“Sausage Party” – Food Saying “F***” A Lot, When It Could Have Said So Much More


Review, “Sausage Party” — *1 and 1/2 stars (out of ****)

Released August 12th, 2016
Directed by Greg Tiernan and Conrad Vernon
Written by Seth Rogen, Evan Goldberg, Jonah Hill, Kyle Hunter, and Ariel Shaffir
Starring Rogen, Kristen Wiig, Edward Norton, Salma Hayek, Michael Cera, and Hill, David Krumholtz
Running Time: 99 minutes
Box Office To Date: $33.6 million

“Sausage Party,” the lewd Pixar parody from the minds of Seth Rogen and Evan Goldberg, is a clever and well-directed little comedy that, although funny in spurts, relies way too heavily on self-referential winks and pointlessly dirty dialogue that make it a one-joke pony better suited to Adult Swim than a cinematic release. Now I thought the trailer for this was the best one of the year so far.  At a time when companies like Dreamworks and Pixar are pumping out one anthropomorphic story after another, it was a brilliant and hilarious turn to see food given the same treatment and follow the premise to its logical end: food gets eaten! The world-building of the “Sausage Party” food items’ reality is sound, and the movie is successful at living by its own rules as far as the narrative goes. It even has a an interesting philosophical question at its core, examining the purpose of religion and faith in the face of a seemingly meaningless world.  But sadly all of that gets sacrificed for the novelty of food having a sex orgy and what that might look like.

Rogen and Goldberg are smart guys, so it’s that much more disappointing to see them consistently shy away from the interesting questions they raise and instead rest on the laurels of stoner humor and profane language to take them through to the finish line. There’s nothing original about animated fare being vulgar, “South Park” has been doing it for years and in a much more restrained and motivated way. But unlike “South Park,” which gets written and produced in one week with primitive animations, “Sausage Party” has the look and feel of a story that should have surpassed the worst tendencies of the Rogen squad. The direction is frankly fantastic, there’s a sequence early on spoofing “Saving Private Ryan”‘s D-Day scene that is well done whether you know the reference or not. Really, all the visuals move interestingly and are stitched together with smart, cinematic transitions that keep the flow moving in the right direction. Unfortunately, that direction gets dampened by tiring dialogue that thinks gross imagery is always enough for a laugh. I loved Danny McBride as Kenny Powers because Kenny Powers was a fully drawn out character. But Danny McBride speaking like Kenny Powers as a mustard jar isn’t enough unless I know it’s Danny McBride and somehow bring that to my viewing experience myself.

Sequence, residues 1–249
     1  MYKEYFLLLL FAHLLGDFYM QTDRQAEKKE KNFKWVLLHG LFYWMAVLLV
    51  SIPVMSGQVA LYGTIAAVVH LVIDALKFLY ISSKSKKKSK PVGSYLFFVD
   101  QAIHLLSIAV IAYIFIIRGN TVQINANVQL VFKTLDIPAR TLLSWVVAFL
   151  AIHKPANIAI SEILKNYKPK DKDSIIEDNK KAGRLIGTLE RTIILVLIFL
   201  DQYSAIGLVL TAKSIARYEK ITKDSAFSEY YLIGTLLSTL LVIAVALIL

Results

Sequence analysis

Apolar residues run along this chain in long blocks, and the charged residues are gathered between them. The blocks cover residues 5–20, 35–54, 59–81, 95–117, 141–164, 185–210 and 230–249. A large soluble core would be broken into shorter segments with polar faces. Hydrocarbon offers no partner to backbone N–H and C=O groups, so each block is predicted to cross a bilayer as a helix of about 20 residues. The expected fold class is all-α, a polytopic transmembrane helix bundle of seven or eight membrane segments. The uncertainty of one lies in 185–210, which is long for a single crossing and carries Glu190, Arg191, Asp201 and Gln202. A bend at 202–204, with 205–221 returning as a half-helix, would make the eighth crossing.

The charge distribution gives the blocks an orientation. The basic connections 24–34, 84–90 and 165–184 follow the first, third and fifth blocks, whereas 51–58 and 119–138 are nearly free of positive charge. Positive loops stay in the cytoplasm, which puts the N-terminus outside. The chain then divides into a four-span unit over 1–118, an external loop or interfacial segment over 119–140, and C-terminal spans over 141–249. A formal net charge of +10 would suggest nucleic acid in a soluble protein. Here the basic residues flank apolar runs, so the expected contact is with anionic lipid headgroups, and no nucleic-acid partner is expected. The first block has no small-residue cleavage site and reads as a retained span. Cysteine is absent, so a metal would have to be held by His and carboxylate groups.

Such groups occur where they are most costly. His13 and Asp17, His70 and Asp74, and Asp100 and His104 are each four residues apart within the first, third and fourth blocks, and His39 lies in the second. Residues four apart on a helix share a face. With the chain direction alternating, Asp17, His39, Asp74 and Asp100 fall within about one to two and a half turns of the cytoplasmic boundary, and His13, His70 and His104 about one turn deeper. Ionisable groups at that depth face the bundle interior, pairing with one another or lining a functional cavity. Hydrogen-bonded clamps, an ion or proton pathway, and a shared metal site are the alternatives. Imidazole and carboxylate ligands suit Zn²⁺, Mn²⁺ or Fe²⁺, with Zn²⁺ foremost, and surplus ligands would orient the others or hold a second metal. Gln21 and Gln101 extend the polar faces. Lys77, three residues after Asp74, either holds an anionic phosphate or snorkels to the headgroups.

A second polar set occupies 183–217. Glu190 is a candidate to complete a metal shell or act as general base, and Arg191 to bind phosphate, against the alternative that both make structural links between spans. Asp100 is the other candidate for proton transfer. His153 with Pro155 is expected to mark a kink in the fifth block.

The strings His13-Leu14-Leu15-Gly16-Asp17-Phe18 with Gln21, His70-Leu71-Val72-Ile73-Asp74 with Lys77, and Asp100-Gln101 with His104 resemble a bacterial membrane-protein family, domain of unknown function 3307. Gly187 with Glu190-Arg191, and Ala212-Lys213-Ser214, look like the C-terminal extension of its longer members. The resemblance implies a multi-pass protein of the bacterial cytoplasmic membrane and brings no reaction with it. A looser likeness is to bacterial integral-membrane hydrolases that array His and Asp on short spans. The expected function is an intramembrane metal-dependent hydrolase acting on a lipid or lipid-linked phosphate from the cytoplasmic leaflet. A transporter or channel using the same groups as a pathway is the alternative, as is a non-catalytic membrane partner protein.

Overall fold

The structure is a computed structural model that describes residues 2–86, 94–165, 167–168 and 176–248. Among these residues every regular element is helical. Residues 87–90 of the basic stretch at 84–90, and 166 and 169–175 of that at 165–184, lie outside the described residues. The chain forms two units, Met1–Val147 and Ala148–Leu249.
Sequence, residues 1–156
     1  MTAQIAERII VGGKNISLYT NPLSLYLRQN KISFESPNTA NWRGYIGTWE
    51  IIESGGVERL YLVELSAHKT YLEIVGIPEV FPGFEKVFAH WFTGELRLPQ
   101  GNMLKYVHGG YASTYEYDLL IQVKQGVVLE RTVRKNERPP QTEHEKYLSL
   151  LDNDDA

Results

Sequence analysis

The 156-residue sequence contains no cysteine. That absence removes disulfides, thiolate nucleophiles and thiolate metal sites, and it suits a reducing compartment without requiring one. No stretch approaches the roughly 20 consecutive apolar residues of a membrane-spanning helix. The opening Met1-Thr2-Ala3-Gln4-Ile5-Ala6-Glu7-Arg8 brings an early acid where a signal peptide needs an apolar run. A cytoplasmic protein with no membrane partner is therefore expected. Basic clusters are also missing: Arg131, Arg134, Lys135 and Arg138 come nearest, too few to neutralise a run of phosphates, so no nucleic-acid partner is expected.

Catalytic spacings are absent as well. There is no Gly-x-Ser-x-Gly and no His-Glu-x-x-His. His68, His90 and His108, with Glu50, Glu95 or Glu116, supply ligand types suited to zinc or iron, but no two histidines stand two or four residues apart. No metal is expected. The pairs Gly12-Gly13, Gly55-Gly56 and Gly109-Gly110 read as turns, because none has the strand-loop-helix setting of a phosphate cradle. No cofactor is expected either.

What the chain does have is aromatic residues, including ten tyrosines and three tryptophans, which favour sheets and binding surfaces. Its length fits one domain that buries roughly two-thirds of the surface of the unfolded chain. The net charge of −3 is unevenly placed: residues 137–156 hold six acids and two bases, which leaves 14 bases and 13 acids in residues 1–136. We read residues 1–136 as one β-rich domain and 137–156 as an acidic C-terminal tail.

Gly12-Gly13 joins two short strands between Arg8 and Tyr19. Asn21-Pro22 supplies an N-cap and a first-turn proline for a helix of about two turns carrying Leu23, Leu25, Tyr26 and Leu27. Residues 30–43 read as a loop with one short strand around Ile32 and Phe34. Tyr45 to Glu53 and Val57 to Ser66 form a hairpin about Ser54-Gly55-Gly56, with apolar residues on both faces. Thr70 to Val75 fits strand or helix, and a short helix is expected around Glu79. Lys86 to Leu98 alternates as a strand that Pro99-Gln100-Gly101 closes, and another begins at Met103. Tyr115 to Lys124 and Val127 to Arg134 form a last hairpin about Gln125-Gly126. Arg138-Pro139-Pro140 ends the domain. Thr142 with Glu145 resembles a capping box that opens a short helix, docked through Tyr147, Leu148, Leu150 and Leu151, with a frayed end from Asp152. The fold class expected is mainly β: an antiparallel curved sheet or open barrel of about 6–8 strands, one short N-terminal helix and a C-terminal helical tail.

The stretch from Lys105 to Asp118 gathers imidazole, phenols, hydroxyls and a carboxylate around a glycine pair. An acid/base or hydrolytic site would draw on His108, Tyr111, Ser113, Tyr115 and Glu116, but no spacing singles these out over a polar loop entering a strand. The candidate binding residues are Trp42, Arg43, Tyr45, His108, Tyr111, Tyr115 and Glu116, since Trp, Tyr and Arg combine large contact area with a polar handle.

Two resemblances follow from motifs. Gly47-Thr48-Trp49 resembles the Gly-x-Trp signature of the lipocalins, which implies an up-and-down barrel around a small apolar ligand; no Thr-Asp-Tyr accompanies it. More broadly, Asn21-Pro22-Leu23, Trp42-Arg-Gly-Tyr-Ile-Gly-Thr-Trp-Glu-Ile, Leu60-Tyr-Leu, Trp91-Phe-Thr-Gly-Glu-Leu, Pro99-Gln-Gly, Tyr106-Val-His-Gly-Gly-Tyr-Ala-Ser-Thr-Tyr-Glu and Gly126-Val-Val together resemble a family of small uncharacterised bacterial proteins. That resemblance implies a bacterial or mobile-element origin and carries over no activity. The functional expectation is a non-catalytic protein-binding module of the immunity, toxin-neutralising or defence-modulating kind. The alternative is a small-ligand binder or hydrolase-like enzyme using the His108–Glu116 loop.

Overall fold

That’s really been the biggest weakness of Rogen and Goldberg’s writing lately, and in this film especially.  They rely on a combination of pop culture references and crassness that used to play when it wasn’t about themselves. But at some point Rogen became as famous as the people he was referencing, and what was fresh now feels like a smug in-joke that you have be to lucky to understand. I hated “This Is The End” for that reason, which, to use imagery Mr. Rogen would approve of, was like a cum-filled circle jerk going round and round and round until nobody had any cum left in them. “Sausage Party” at least has the conceit of parodying a part of the industry that hasn’t involved the Rogen clan, and it’s a shame that they didn’t have the restraint to not make it about themselves. If you thought you wouldn’t actually have to see Seth Rogen’s face in this, spoiler alert, the movie actually goes as far as to admit to being his creation and finds a way to cheaply cram him in. What exactly is the joke there? I’m not sure. But a much more important question to people spending $15 to go to the cinemas, who’s the joke actually on? “Sausage Party” is worth a view for sure, but do yourself a favor and just wait for it to come out on Netflix.


  1. Wuz gonna see it, but now I think I’m gonna pass

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